A Copy of this book was provided by the publisher in exchange for a review.
Publisher: Bantam Books
Price: $15.00 Paperback
$ 7.99 Digital
Genre: Contemporary Fiction
Rating: 4 out of 5 stars
Reading Elizabeth Joy Arnold's new novel, The Book of Secrets, remineded me a lot of The Thirteenth Tale by Diane Setterfield. This story has the same aura of mystery, the same twisted family dynamics, and the same ability to suck the reader into the story being told. At least it was that way for me. It was a solid story from start to finish that intrigued me the whole way through.
The story is told from the point of view of Choe Sinclar, who returns home one day to find that her husband, Nate, is gone. He has returned to the town where they grew up, a place that holds bad memories for both of them, and where she never thought he would want to go again. Ms. Arnold continues the story, alternating her chapters between the present and the past. Through this device we are treated to the mystery of why Nate would return home, as well as the tumultuous history of Chloe, Nate, and the rest of the Sinclair family. Alternating chapters in this way is a device that really works for this story. I flew through each chapter in anticipation of what came next for both stories. And speaking of devices, the way that the author integrated books into the story was one of my favorite things. Most of the books were old favorites of mine, and as each one debuted in the story, it brought back wonderful memories of my first encounter with them.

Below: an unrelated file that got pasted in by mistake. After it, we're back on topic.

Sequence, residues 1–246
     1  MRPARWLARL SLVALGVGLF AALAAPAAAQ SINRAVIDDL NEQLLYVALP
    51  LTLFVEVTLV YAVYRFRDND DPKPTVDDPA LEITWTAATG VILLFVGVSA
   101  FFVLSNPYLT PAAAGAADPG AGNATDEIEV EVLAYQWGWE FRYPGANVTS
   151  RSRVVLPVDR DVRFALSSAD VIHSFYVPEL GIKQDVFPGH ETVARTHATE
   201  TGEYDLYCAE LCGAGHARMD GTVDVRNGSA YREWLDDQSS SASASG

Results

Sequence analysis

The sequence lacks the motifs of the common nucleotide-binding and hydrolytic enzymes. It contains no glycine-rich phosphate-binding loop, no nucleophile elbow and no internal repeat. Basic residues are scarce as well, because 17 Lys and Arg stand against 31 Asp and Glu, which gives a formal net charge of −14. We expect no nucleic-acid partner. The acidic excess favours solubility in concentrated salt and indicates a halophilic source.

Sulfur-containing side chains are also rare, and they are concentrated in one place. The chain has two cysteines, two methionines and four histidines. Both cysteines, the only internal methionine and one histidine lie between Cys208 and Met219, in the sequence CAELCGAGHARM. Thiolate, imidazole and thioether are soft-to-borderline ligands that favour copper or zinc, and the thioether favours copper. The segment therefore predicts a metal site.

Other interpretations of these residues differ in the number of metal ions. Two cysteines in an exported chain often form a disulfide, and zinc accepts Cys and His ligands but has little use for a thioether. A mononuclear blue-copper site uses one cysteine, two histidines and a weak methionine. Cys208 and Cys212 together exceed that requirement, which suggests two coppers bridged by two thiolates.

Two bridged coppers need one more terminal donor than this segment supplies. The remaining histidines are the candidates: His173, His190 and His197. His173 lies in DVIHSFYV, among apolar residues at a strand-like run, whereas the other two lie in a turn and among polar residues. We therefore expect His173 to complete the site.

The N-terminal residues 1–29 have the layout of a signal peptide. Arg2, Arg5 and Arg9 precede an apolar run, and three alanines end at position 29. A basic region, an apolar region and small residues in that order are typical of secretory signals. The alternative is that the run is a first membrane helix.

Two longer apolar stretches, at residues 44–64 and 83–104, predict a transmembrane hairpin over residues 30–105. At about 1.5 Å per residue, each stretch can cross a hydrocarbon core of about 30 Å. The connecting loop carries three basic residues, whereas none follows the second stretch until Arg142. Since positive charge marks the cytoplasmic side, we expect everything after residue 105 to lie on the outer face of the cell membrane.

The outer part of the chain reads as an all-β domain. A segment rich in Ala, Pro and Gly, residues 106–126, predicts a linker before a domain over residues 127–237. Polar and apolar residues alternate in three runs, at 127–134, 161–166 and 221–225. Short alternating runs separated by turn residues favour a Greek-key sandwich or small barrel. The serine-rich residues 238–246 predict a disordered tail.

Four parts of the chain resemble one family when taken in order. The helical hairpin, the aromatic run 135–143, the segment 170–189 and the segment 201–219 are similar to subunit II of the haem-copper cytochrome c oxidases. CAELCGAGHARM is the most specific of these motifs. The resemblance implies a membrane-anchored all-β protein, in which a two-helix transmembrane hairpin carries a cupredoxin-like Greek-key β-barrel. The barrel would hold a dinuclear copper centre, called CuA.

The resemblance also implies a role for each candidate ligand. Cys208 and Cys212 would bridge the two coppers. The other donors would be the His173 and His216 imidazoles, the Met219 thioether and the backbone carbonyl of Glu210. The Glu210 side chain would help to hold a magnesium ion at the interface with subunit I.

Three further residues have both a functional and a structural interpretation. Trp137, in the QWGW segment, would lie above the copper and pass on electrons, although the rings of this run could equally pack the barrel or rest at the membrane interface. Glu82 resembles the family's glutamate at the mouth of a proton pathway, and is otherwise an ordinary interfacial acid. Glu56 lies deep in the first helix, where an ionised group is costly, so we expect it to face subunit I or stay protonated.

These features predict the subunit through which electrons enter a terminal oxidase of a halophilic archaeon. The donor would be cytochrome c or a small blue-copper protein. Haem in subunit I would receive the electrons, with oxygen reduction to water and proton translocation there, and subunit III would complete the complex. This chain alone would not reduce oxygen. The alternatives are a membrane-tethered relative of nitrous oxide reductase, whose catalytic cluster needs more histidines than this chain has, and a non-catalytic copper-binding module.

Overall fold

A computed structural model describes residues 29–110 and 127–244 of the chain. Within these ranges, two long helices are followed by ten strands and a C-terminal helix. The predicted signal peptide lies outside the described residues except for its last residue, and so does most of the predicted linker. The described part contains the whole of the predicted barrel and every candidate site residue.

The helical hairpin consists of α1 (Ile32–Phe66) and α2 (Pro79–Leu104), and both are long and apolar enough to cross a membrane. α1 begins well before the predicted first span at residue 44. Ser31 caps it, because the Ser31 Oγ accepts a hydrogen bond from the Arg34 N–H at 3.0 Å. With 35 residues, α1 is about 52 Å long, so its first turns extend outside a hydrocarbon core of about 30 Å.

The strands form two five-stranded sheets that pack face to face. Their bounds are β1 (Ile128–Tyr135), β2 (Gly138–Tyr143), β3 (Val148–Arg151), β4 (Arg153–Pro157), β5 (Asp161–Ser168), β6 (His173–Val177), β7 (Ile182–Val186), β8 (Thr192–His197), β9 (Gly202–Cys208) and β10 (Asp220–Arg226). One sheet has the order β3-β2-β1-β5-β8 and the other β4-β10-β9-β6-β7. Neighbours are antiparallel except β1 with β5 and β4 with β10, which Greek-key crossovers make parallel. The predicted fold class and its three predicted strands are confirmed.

Another hit for me, was the cast of characters in the book. Through them I was able to experience the emotional impact of the story being told. I felt the joy and wonder of love, the anger of deciet and betrayal, the pain of loss, and the fear of the unknown. They were wonderfully imperfect and real. In the end, I felt like I really knew and understood each of them.
Although the end of this book was by no means the best ending that I have ever read, I did feel that it was appropriate to the story. I am one of those readers for whom the end of a book can really "seal the deal". In the case of The Book of Secrets, the ending deftly answered all of the questions that I had been pondering throughout the story, many of which I had already surmised. I guess that would be the only negative for me. As satisfying and appropriate as the ending was, I had figured out where the story was leading long before the author revealed the last peice of the mystery. What speaks well to the story, though, was that knowing the big twist did not in any way lessen my enjoyment of the book overall.
Elizabeth Joy Arnold is yet another new author for me, as most of the authors that I read these days seem to be. If this book is any indication, I think that she has a bright future as an author. I would certainly read another book by her, and intend to recommend this one to my friends.